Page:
On a soft, snowy morning I read a poem by Mary Oliver. And in the afternoon, it came to me, a notice of her death. Too soon! I thought. Too soon to lose a talent of this magnitude. My heart rocked in grief for several minutes. But then I re-read the poem from the morning called “Bazougey” (Dog Songs, 2013), about the death of a beloved dog. It begins,
Where goes he now, that dark little dog
who used to come down the road barking and shining?
He’s gone now, from the world of particulars,
the singular, the visible.
So, that deepest sting: sorrow. Still,
is he gone from us entirely, or is he
a part of that other world, everywhere?
I now think of Mary Oliver as in this poem, no longer part of the singular, the visible, the world of particulars, but rather “a part of that other world, everywhere.” . . . . read more
The Adventurer of the Universe starts with the dream and reaps tragic Beauty.— Alfred North Whitehead
I have a friend named David who can see things others can’t. He has visions. I don’t mean David has “second sight” or any psychic ability; rather, it’s more of an artist’s vision of seeing things that are not there, but that might be. With a gestalt sensibility, he can see something whole that is now in parts, broken, and crying out to be either put out of its misery or loved back into life. David is a woodworker, restorer, and artist. He mainly works with discarded and unwanted pieces of furniture, like the lonely chair left out on the curbside by someone in a rush to move, or the abandoned table at the side of the dumpster, or a battered antique trunk hoping to be discovered on the last day of an estate sale when everything is 75% off. David grabs what others pass up, or gathers odd pieces and makes something completely novel like the “Frankenstein” table as he jokingly called it: a stunning dining set created from disparate parts he found “here and there.”
What a gift! To see possibility among the discarded, to save the landfills by remaking something that lasts, and to add beauty to the world.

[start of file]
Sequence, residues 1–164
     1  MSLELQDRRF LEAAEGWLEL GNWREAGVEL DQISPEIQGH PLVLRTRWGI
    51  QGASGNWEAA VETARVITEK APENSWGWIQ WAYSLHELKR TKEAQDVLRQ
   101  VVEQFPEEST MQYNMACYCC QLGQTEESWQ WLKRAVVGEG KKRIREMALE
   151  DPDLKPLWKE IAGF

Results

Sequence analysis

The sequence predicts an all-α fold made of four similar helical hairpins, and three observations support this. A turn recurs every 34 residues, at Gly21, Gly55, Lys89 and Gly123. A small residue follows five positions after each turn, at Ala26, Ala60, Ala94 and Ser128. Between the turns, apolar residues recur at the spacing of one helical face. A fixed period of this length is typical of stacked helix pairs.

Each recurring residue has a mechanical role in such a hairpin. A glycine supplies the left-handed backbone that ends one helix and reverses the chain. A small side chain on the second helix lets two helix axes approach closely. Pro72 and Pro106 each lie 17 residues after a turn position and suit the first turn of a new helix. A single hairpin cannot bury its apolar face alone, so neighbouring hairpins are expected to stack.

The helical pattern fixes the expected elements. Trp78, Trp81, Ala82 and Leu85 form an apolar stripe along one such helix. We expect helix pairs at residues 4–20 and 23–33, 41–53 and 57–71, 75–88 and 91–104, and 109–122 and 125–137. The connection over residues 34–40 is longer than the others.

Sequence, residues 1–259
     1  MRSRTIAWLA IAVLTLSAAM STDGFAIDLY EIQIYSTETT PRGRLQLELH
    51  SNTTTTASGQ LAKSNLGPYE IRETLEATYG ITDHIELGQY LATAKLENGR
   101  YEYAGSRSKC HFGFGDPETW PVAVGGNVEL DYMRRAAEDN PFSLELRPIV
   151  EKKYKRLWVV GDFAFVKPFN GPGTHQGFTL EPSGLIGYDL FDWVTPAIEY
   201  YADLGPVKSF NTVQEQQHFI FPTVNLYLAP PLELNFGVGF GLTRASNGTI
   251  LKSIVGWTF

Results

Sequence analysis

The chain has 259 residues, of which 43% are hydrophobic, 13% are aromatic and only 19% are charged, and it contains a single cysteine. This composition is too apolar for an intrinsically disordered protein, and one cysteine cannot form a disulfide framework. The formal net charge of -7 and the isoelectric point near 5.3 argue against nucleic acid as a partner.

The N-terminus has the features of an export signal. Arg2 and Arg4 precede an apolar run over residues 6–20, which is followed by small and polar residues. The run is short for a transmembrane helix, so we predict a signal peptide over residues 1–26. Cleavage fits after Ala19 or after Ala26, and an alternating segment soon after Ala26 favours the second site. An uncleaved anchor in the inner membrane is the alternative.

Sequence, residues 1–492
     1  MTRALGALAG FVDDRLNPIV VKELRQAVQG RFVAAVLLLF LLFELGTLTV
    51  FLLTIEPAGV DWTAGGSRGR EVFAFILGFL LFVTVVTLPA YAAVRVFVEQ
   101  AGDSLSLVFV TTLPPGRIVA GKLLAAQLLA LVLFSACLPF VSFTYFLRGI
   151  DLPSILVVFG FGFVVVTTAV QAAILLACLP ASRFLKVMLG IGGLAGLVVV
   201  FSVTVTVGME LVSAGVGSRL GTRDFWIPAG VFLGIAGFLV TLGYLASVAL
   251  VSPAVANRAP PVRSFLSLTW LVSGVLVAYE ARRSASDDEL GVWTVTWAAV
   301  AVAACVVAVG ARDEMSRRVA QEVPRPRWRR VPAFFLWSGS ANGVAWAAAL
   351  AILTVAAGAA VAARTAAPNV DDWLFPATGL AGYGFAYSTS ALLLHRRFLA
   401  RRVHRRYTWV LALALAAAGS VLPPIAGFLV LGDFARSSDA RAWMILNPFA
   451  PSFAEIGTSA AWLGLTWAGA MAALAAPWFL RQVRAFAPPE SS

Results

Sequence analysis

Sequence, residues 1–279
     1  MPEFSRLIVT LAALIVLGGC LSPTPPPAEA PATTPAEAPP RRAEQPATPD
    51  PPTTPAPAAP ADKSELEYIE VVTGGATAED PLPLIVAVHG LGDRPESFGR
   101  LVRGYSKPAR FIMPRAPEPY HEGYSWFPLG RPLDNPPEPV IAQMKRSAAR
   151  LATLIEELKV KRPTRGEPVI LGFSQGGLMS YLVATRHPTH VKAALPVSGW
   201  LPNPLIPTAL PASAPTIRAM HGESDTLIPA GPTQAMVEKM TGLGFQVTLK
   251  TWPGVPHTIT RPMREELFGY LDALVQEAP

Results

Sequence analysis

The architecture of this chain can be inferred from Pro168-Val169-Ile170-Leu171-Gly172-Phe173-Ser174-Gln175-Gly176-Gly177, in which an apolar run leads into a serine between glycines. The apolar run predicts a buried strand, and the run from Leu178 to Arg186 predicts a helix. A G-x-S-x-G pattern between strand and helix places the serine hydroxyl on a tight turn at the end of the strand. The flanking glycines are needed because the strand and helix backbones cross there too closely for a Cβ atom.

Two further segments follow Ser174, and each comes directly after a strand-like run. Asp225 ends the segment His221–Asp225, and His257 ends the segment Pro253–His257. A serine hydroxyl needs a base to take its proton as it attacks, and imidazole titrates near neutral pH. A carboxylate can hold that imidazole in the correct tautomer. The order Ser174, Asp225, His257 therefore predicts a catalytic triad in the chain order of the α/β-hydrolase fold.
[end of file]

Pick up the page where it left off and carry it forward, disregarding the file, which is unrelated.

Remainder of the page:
I think this is the way God dreams in the world. . . . Click here to read the entire post 🙂
“And that’s why it is so important today that we reaffirm our character as a nation — a people drawn from every corner of the world, every color, every religion, every background — bound by a creed as old as our founding, e pluribus unum. Out of many, we are one. For we know that our diversity — our patchwork heritage — is not a weakness; it is still, and always will be, one of our greatest strengths.”
— President Barack Obama, September 11, 2016
Shortly after I moved back to the United States after living abroad for five years, I began seeing bumper stickers with the motto, “In God We Trust.” It seemed to hold a special significance for some of my neighbors. But why? After a little research and reorientation into my home culture, I realized that for many, this motto serves as a counterpoint — and even a rebuff — to our founding fathers’ 1782 motto, e pluribus unum, “out of many, one.”
If you study any coin from your pocket closely, you can see “In God We Trust” on one side and e pluribus unum on the other. The social context of each motto is telling. . . . (to continue reading, click here to read my post “U is for Unity“).
Often, the most intense forms of beauty rise from the ashes of tragedy. Such is the story of how a bombed-out church from the London Blitz ended up in my town in Missouri—restored, renewed, rehallowed. Her name is St. Mary, Aldermanbury, and she’s got quite a story to tell. . . Read More
“Silence is like a flame, you see?”
As a lover of words, I wonder why I am so drawn to the wordless worlds of music and dance and art. And then, there is mime, that peculiar silent art form, perhaps brought to its highest expression in the work of Marcel Marceau. After viewing some of his mime masterpieces, such as The Cage and Youth, Maturity, and Old Age, I asked myself: Why does this master of silent storytelling move me so much?
(Read More at Spirituality & Practice)
(Read More–with added videos–at Open Horizons)